Robert Griffith | 16 June 2024
Robert Griffith
16 June 2024


The Dictionary has several definitions for greatness:

“Unusual or considerable in degree, power, or intensity.”
“Wonderful; first-rate; very good.”
“Notable; remarkable; exceptionally good.”

It seems popular to define greatness as perceived success. If you have power, money, and status, then the world calls you great. Sometimes it’s chance; sometimes it’s not. William Shakespeare’s words are well known:

“Some are born great, some achieve greatness, and some have greatness thrust upon them.”

Greatness, in the world’s eyes, is about material possessions and accomplishments. Nothing wrong with these things. But is this the correct definition?

Many of today’s celebrities advocate this notion of greatness. Take LeBron James, for example. With well over 70,000,000 social media followers, his influence on American culture is massive. And, curiously, most of his social media posts end with the hashtag: #Striveforgreatness. Like LeBron, I’d like to strive for greatness too, but I think his definition and mine are different.

The Meaning of Greatness in the Bible

Two of Jesus’ disciples, James and John, desired greatness. More than that, they craved fame and status. This is evident by a bold question proposed to Jesus:

Mark 10:35-37  “Then James and John, the sons of Zebedee, came to him. “Teacher,” they said, “we want you to do for us whatever we ask.”
“What do you want me to do for you?” he asked. They replied, “Let one of us sit at your right and the other at your left in your glory.”

The arrogant desires of their hearts are obvious. They could’ve asked Jesus for anything. They don’t ask for more joy or more favour or faith or holiness or whatever. No, James and John want something else: they want glory.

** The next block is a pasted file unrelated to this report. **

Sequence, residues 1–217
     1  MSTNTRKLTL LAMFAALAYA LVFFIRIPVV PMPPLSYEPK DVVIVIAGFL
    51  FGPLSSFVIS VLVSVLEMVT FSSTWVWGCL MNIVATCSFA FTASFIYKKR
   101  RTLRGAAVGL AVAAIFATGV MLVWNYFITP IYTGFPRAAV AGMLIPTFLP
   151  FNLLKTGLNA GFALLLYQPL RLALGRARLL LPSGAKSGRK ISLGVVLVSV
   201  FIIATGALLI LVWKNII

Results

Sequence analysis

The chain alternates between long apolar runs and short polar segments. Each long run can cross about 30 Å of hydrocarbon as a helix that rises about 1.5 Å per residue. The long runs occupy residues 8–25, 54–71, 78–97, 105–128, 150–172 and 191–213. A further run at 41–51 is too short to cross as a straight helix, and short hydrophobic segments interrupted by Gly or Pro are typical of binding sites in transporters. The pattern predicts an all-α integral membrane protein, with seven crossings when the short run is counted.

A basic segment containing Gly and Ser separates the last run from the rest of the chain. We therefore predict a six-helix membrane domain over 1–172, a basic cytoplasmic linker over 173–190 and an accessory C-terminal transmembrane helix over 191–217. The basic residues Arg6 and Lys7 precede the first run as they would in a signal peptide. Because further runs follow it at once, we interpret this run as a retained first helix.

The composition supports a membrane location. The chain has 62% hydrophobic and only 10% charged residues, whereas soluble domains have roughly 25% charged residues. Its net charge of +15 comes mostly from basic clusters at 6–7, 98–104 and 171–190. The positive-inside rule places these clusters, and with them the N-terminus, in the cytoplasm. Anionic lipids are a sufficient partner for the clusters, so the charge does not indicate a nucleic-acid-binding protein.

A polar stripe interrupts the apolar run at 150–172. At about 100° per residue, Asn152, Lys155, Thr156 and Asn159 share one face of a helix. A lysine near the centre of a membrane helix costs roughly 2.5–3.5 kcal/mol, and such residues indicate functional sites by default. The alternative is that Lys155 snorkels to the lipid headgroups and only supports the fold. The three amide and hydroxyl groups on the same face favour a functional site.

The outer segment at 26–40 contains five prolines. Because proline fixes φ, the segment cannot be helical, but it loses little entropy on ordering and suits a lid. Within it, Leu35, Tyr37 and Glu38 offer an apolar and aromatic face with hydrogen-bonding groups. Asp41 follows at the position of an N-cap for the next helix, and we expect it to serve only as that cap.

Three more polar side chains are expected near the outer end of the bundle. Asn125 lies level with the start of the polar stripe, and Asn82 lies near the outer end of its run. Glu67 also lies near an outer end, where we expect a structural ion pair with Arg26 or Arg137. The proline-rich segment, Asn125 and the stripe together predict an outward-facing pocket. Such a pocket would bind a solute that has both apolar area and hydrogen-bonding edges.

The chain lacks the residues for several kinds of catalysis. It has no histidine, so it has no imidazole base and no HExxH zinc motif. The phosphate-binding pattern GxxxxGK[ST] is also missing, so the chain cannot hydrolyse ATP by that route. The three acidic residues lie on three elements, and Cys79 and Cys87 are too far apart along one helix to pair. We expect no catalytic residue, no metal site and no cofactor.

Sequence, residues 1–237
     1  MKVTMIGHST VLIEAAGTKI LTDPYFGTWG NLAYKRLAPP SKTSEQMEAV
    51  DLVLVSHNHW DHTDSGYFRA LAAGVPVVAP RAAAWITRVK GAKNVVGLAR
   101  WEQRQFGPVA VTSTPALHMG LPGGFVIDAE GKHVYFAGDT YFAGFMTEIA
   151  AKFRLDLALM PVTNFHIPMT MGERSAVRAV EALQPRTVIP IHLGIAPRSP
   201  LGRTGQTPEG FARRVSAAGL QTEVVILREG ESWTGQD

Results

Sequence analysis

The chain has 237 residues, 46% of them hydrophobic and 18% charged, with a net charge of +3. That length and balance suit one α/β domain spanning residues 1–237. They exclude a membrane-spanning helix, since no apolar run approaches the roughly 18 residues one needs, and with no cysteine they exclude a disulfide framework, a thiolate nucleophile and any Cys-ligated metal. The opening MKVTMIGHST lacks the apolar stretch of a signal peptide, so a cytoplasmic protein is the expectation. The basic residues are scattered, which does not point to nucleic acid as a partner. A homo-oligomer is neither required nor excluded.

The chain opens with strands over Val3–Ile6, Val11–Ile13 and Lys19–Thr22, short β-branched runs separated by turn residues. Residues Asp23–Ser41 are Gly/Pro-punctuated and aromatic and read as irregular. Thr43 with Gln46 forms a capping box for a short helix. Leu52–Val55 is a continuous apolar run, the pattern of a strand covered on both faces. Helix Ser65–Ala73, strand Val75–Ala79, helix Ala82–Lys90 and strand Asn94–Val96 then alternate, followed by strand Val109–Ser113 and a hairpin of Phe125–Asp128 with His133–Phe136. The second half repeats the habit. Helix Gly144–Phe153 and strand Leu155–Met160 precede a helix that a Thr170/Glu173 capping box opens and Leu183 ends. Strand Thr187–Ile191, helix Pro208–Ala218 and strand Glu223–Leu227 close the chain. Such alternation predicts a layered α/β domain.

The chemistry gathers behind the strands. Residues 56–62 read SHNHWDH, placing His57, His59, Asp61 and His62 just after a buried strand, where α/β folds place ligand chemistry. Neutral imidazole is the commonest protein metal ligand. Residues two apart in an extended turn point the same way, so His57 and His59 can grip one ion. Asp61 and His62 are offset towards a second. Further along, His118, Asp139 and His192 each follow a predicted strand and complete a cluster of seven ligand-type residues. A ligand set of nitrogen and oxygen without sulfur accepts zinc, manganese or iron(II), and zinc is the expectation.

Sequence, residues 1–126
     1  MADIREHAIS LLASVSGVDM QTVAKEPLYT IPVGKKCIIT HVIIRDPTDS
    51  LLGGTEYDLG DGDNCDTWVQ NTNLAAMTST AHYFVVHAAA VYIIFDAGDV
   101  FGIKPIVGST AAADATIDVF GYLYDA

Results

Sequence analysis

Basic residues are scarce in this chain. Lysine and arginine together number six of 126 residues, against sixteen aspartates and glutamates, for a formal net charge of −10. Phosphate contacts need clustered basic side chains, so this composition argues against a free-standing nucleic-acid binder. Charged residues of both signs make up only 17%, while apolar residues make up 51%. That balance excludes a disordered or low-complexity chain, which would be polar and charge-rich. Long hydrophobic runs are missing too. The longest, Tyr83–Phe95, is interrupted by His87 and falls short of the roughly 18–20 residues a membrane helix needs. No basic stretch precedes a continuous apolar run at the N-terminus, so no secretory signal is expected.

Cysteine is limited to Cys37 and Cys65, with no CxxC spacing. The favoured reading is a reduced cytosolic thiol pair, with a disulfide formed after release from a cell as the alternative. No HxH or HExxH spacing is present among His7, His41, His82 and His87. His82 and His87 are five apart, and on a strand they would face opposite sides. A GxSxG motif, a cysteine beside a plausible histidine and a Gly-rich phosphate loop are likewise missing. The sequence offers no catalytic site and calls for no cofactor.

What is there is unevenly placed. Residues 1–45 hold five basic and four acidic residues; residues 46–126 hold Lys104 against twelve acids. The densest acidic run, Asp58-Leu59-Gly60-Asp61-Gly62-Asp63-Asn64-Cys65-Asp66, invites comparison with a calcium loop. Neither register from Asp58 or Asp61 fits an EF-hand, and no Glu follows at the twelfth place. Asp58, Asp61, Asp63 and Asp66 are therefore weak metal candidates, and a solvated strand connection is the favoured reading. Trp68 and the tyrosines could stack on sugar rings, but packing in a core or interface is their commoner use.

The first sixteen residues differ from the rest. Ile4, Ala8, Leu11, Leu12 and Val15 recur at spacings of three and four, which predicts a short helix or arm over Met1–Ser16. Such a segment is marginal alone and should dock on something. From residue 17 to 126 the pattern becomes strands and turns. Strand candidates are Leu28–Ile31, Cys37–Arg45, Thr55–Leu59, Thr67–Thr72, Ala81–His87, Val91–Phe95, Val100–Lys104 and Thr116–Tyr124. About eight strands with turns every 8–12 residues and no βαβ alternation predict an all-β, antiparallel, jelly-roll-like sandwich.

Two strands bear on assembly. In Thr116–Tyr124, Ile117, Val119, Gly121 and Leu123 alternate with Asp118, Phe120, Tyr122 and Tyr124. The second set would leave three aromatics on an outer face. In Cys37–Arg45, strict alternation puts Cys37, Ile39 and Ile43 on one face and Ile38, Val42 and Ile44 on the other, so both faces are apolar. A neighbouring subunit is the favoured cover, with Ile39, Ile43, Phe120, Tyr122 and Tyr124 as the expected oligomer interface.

It’s easy to beat up on the disciples. But picture yourself in the story. Do you struggle with selfish ambition? Are you sometimes motivated by selfish reasons? If you’re like me, this is a battle. You compare yourself with others, and sometimes desire good things for the wrong reasons.

Thankfully, Jesus is patient with the request of James and John. And he’s patient with us. What’s interesting is that Jesus never rebukes James and John’s desire for greatness. Instead, he gives them a new definition:

Mark 10:42-43   “You know that those who are regarded as rulers of the Gentiles lord it over them, and their high officials exercise authority over them. Not so with you. Instead, whoever wants to become great among you must be your servant.”

So what’s true greatness? Here is C.J Mahaney’s definition of greatness from his excellent book Humility: True Greatness:

“As sinfully and culturally defined, pursuing greatness looks like this: Individuals motivated by self-interest, self-indulgence, and a false sense of self-sufficiency to pursue selfish ambition for the purpose of self-glorification. Contrast that with the pursuit of true greatness as biblically defined: Serving others for the glory of God. This is the genuine expression of humility; this is true greatness as the Savior defined it.”

So, it’s not the desire that’s bad, per se, but the definition. And Jesus completely redefines what greatness is, which is serving others to the glory of God.

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